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Correction – Let’s Amend This Trademark: Part Five of Our Trademark Series
December 05, 2016
In our previous four articles (article 1, 2, 3 and 4) in our trademark series, we discussed mandatory and optional filings for maintaining and protecting your marks, in order to avoid abandonment or cancellation.  The final segment of our trademark maintenance series provides guidance on corrections and amendments to trademark registrations.
Trademark owners are well advised to report any mistakes in the certificate of registration promptly to the United States Patent and Trademark Office (“USPTO”). The USPTO will issue a certificate of correction or a new registration certificate for a fee if the error is due to a good faith mistake and does not require republication due to a material change.  If the error is the USPTO's fault, the correction will be made for free.

A USPTO error needing a material change to the registration to correct it may require the registration to be cancelled as it was inadvertently issued and republished.  The USPTO will not, however, correct an applicant error that requires a material change to the registration.
Amendments to a trademark registration can be obtained for a fee if the amendment does not materially alter the mark. A trademark owner may choose to add a geographic limitation to the registration as a result of a settlement agreement, or delete certain goods and services for which the mark is no longer in use.  A trademark owner may also make slight alterations to the mark itself. These alterations could include minor changes to the style, size, or other form; or to delete generic material. However, any expansion of the scope of the protection or change in the commercial impression of the mark represents a material alteration that would require a new application.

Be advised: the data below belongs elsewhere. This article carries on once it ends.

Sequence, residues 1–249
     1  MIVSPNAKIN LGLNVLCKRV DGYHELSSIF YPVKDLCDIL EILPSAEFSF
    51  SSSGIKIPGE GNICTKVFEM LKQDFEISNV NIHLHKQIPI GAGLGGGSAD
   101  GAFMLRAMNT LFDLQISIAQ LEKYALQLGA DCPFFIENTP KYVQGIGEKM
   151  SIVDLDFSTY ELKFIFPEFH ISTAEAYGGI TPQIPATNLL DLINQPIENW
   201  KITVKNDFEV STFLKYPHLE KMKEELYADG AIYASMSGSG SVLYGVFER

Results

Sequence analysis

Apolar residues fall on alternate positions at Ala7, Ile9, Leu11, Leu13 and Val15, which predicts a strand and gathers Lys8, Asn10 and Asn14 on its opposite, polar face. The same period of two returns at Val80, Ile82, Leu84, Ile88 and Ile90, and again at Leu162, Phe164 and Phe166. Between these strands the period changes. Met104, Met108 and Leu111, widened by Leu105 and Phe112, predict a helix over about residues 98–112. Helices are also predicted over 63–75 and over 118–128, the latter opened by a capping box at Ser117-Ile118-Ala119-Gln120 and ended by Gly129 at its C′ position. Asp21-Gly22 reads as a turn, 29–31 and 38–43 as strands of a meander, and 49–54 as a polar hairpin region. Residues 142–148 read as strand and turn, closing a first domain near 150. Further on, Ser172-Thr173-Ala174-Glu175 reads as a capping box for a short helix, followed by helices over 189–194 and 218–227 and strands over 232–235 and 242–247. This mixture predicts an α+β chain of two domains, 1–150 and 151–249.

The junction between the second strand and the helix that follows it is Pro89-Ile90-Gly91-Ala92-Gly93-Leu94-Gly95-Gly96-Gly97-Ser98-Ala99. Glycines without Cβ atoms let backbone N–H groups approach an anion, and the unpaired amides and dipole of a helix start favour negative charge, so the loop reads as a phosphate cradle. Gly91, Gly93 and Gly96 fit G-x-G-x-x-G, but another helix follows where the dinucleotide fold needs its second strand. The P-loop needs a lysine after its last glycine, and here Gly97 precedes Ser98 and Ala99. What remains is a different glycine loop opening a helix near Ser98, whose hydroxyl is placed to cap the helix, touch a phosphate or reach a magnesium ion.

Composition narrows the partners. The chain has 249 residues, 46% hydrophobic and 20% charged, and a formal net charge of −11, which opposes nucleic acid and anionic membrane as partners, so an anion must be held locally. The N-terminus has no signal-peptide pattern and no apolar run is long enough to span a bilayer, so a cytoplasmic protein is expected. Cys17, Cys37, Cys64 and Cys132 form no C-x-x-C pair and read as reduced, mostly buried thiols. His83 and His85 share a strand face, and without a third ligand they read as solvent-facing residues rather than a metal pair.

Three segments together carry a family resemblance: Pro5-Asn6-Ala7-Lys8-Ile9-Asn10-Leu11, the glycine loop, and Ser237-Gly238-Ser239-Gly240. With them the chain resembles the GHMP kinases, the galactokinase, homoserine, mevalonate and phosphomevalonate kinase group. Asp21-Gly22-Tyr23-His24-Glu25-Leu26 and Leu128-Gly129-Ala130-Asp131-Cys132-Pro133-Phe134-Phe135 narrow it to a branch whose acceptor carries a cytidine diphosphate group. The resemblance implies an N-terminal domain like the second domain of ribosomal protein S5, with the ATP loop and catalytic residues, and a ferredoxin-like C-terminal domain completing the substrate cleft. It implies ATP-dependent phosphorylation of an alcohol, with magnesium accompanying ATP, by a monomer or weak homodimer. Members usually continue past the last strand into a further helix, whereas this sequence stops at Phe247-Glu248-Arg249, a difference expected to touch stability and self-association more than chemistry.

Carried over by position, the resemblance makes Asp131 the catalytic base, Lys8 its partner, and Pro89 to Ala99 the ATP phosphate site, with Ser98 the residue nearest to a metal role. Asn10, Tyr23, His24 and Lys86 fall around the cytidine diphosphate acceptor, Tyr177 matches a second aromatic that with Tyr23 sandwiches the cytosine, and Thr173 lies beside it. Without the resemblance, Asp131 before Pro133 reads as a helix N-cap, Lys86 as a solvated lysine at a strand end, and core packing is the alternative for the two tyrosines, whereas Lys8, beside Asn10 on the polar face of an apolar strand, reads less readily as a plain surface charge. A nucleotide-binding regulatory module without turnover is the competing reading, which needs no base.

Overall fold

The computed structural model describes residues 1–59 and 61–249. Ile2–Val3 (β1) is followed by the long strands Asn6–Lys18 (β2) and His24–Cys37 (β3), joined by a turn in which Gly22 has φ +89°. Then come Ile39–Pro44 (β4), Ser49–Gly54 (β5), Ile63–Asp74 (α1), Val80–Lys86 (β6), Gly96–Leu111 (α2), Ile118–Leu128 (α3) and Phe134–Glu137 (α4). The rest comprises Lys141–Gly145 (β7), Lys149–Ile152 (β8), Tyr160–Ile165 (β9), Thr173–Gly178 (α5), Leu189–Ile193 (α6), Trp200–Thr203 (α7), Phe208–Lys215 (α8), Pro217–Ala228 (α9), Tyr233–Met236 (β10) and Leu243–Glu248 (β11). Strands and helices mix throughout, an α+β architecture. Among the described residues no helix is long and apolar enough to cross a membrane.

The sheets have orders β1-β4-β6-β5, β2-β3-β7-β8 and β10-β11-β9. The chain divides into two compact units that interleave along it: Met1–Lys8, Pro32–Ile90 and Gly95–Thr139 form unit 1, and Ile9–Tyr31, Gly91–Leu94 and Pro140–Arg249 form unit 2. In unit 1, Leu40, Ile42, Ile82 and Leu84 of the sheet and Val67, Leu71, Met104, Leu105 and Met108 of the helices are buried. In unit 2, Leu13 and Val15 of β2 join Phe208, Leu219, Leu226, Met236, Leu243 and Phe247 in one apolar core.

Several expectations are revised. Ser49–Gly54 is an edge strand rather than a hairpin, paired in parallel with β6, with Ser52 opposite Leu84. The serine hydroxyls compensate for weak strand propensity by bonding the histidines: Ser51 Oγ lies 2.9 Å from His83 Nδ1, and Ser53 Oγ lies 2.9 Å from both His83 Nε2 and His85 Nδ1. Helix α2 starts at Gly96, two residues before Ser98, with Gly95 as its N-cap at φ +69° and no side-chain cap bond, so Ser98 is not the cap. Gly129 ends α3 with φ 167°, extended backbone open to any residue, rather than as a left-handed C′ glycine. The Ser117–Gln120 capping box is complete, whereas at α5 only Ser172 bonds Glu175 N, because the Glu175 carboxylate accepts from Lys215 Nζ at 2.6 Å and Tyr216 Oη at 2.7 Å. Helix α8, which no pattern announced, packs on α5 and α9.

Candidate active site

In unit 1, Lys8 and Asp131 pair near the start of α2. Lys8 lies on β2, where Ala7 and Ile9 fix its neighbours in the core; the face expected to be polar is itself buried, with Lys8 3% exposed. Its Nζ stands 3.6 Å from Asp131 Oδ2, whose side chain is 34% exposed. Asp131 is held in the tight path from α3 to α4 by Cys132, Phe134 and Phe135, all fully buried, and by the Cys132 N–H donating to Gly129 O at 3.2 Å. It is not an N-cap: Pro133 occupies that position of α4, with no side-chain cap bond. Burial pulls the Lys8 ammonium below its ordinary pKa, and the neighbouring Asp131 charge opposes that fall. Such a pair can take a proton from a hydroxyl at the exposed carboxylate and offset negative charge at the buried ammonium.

To decide whether a proposed amendment materially alters a registered mark, the USPTO compares the proposed amendment to the originally registered mark. If the change will require republication to present the mark fairly for opposition purposes, the amendment constitutes a material alteration. An amendment generally is acceptable if the modified mark contains the essence of the original mark and creates essentially the same impression.
If you have any questions about trademark or patents, please feel free to contact us.
Intellectual Property William P. Smith